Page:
PMCID: PMC162549  PMID: 7726504
17.  Multidrug resistance in Candida albicans: disruption of the BENr gene. 
The BENr gene of Candida albicans, which confers resistance on susceptible strains of Saccharomyces cerevisiae to six structurally and functionally unrelated drugs, was described recently (R. Ben-Yaacov, S. Knoller, G. Caldwell, J. M. Becker, and Y. Koltin, Antimicrob. Agents Chemother. 38:648-652, 1994). This gene bears similarity to membrane proteins encoding antibiotic resistance in prokaryotes and eukaryotes. The effect of disruption of this gene on viability and drug susceptibility was determined. The results indicate that the gene is not essential but its inactivation leads to susceptibility to three of the four drugs tested. Inactivation of this gene did not increase the susceptibility of the mutant to benomyl, suggesting that C. albicans has other mechanisms of resistance, some of which may be additional efflux pumps that confer resistance to this tubulin-destabilizing agent.
PMCID: PMC162553  PMID: 7726508
18.  A novel glycylcycline, 9-(N,N-dimethylglycylamido)-6-demethyl-6-deoxytetracycline, is neither transported nor recognized by the transposon Tn10-encoded metal-tetracycline/H+ antiporter. 
A novel tetracycline derivative, DMG-DMDOT [9-(N,N-dimethylglycylamido)-6-demethyl-6-deoxytetracycline] , is one of the glycylcyclines which have a broad antibacterial spectrum, including many tetracyclineresistant bacteria (R.T. Testa, P.J. Petersen, N.V. Jacobus, P.-E. Sum, V.J. Lee, and F.P. Tally, Antimicrob. Agents Chemother. 37:2270-2277, 1993). The mechanism by which DMG-DMDOT overcomes efflux-based tetracycline resistance was investigated. Tetracycline-resistant Escherichia coli cells carrying an R plasmid encoding the tet(B) gene, which encodes the typical tetracycline efflux pump [TetA(B)] of gram-negative bacteria, were as susceptible to DMG-DMDOT as was the tetracycline-susceptible host. When mid-log-phase cells carrying the tet(B) gene were incubated with a subbactericidal concentration of DMG-DMDOT (0.5 micrograms/ml) for 2 h, a significant amount of the TetA(B) protein was detected in the cell membrane by Western blotting (immunoblotting) with an anti-carboxyl-terminal antibody, similar to the case in which tetracycline was used as the inducer, indicating that the tet repressor, TetR, can recognize DMG-DMDOT as an efficient inducer. Everted membrane vesicles prepared from cells producing the TetA(B) protein showed absolutely no transport activity for DMG-DMDOT. Furthermore, the presence of excess DMG-DMDOT had no effect on the tetracycline transport activity of the everted vesicles, indicating that DMG-DMDOT is not recognized as a substrate by the TetA(B) protein.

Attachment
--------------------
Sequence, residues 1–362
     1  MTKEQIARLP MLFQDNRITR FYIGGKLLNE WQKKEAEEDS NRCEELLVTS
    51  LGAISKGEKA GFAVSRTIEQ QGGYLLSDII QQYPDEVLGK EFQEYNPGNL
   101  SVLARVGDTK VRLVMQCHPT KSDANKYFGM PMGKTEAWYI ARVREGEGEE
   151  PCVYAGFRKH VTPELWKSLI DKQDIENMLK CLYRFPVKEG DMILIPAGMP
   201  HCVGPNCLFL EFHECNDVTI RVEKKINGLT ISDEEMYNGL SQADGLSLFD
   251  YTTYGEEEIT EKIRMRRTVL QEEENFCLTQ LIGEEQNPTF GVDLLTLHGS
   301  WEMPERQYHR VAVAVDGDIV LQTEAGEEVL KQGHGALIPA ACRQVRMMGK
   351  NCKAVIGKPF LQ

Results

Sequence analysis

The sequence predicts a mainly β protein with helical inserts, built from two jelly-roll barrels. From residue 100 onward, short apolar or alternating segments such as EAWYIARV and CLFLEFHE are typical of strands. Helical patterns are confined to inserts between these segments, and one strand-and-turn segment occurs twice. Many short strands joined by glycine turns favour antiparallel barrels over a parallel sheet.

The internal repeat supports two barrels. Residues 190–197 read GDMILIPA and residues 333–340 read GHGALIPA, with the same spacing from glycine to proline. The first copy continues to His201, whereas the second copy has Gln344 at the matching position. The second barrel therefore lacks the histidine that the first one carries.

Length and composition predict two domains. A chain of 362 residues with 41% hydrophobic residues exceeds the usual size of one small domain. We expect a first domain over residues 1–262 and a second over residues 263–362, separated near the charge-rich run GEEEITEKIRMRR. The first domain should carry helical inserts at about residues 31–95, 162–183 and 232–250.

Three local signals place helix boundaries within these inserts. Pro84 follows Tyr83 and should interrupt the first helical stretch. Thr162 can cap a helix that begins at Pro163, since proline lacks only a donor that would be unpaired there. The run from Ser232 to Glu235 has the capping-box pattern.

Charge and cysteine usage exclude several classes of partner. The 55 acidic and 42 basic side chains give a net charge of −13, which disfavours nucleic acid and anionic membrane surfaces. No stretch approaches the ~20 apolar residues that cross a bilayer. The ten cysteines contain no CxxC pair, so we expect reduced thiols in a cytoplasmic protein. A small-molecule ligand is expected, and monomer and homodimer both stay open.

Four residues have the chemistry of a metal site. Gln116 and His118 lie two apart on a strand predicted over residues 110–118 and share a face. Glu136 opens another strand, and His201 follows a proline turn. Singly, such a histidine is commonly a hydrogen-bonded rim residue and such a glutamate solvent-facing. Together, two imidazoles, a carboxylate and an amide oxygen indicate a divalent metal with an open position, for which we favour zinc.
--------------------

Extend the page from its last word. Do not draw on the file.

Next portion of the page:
PMCID: PMC162518  PMID: 7695316
19.  Comparative in vitro activities of LY191145, a new glycopeptide, and vancomycin against Staphylococcus aureus and Staphylococcus-infected fibrin clots. 
Antimicrobial Agents and Chemotherapy  1995;39(12):2832-2834.
Bactericidal activities of LY191145, an investigational glycopeptide, and vancomycin against Staphylococcus aureus were evaluated. Only LY191145 at a concentration 16-fold greater than the MIC was able to achieve 99.9% killing against methicillin-susceptible S. aureus (ATCC 25923; 8.0 h). Both agents demonstrated 99.9% killing against methicillin-resistant clinical isolate S. aureus MRSA67 over 24 h at concentrations 4-, 8-, and 16-fold greater than the MIC, but bacteria were killed at a more rapid rate by LY191145 (1.63 versus 5.02 h; P < 0.001). Against strain ATCC 25923- and MRSA67-infected fibrin clots, total reductions by LY191145 and vancomycin over 72 h were not statistically significantly different at a concentration 16 times the MIC (1.12 +/- 0.31 and 1.23 +/- 0.13 and 1.40 +/- 0.17 and 1.36 +/- 0.37 CFU/g; respectively). Increasing the drug concentration to 50 times the MIC did not alter the values significantly, and there was no statistically significant difference between the two agents. Overall, LY191145 exhibited more rapid bactericidal activity than vancomycin against S. aureus, and a concentration 16-fold greater than the MIC appears to be optimal.
PMCID: PMC163044  PMID: 8593034
20.  Clarithromycin is inactive against Mycobacterium tuberculosis. 
Antimicrobial Agents and Chemotherapy  1995;39(12):2827-2828.
When 10% oleic acid-albumin-dextrose-catalase-enriched Mueller-Hinton agar medium was employed, the MICs of clarithromycin (CLARI) at which 50 and 90% of 12 strains of Mycobacterium tuberculosis were inhibited were 64 and > 128 micrograms/ml, respectively, which are significantly greater than the achievable peak CLARI concentrations in serum and in lung tissue in humans. In two different mouse experiments, 4 to 6 weeks of treatment with CLARI at 200 mg/kg of body weight six times weekly produced neither bactericidal nor bacteriostatic effects against M. tuberculosis. Therefore, we conclude that CLARI as a single drug is inactive against M. tuberculosis.